Thursday, June 30, 2016
The Weird Hobbesianism of Brexiphobes
People who can't imagine order without imposition always end up favoring power over liberty.The UK "is part of Europe, and always will be,” says Boris Johnson, a leader of the Brexit campaign. Wait. How can you be part of something and not appoint a dictatorial, authoritarian, meddling, pillaging central state – a completely artificial creation having nothing to do with the real history of Europe – to manage it?
It's called freedom. That's how it works. It means the absence of external political restraint on shaping the future.
In the days following the British vote to leave the EU, we’ve seen apocalyptic panic among the opinion classes. The New York Times has published a long series of freak-out pieces about the end of the “postwar liberal order.” Except that there is nothing (classically) liberal about a distant bureaucracy that aspires to centrally plan every aspect of economic life.
Another writer worries that "we will have fewer people coming here, enriching our culture and our lives. There will be fewer opportunities. We will have less of a chance to explore the world for ourselves."
Huh? No bridges have been blown up. Britons can still buy plane tickets. People from abroad can still visit and work. It's not even clear that immigration will change that much. It really depends on what politicians in the UK do next. An untenable political union is under strain and that is all. Now Britain can actually make some political decisions for itself.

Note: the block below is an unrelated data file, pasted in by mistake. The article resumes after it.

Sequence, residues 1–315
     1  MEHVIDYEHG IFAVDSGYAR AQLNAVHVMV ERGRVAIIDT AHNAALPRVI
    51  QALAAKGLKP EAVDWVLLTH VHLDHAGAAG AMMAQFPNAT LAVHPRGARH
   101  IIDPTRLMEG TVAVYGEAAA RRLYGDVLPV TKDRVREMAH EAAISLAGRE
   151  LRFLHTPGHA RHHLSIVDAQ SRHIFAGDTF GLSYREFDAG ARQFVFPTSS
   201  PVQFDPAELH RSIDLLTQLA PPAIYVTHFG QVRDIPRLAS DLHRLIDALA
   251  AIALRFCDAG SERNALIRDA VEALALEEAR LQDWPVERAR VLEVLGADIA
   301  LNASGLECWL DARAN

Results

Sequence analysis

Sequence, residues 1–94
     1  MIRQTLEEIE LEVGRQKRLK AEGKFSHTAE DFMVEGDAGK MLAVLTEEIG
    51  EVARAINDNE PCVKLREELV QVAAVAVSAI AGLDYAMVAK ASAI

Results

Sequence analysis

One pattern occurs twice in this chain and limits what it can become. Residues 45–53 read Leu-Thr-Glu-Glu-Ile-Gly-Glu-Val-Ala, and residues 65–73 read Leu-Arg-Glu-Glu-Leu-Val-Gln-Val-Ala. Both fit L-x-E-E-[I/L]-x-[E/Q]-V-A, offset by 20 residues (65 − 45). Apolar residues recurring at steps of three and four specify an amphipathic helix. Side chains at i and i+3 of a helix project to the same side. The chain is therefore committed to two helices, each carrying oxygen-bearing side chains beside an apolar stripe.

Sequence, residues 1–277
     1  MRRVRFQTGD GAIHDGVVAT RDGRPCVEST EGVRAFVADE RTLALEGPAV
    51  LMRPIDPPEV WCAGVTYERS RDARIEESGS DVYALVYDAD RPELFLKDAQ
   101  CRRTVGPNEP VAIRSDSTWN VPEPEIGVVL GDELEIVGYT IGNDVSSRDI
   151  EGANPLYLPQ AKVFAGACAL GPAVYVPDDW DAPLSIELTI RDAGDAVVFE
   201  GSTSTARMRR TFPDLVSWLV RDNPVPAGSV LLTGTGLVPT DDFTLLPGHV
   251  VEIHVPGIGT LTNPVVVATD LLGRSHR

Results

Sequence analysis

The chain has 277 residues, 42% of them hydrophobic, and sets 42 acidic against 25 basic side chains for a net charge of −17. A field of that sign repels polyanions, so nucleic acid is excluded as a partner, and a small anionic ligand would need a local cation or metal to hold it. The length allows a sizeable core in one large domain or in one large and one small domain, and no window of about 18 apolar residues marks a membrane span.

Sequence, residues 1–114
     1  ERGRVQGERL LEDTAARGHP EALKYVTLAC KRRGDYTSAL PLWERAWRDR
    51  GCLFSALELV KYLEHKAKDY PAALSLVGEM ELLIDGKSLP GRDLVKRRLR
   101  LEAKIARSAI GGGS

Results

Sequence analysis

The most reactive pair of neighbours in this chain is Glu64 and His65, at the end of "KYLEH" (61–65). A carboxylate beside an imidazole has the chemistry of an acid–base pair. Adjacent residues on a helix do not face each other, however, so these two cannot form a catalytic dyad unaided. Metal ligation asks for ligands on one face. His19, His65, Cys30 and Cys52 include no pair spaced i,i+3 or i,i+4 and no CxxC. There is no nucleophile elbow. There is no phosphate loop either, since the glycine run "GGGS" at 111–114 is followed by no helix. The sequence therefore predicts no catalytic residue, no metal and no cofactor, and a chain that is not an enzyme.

But here is the silliest thing I’ve yet seen. Try to wrap your brain around the claim in the Times that Brexit “may just wipe out laissez-faire economics.” If there is no European-wide government authority, “where does capitalism go now?”
Capitalism? Does the Brussels bureaucracy really embody the essence of the capitalist spirit? What can the writer mean?
Well, you see, Reagan and Thatcher were “globalists,” and the global order was cobbled together in the postwar period under the influence of John Maynard Keynes, who had saved capitalism from being discredited by the Great Depression, and therefore laissez faire (which means leave it alone) owes its very existence to the man who wrote “The End of Laissez Faire.”
Or something like that. There’s no sense in trying to explain all these frenzied mind dumps because they make no sense.
Having read a hundred articles warning of the coming Armageddon, I’m trying to understand the underlying source of the mania. True, there were plenty of unsavory types supporting Brexit, people who were driven to leave the EU by racist and xenophobic motives. They might imagine a new and more pure Britain is possible and desirable.
But, this is hardly news. It is not possible for democracy to function without an ugly underside. And people support good policies for bad reasons all the time.
That said, there is something deeper going on here. Some people just cannot imagine the possibility of order emerging without government planning. If there is no central state that can bind everyone, forcing good behavior and unity, surely the results will be an atavistic and chaotic mess. Life will become, in Thomas Hobbes’s words, “solitary, poor, nasty, brutish, and short.”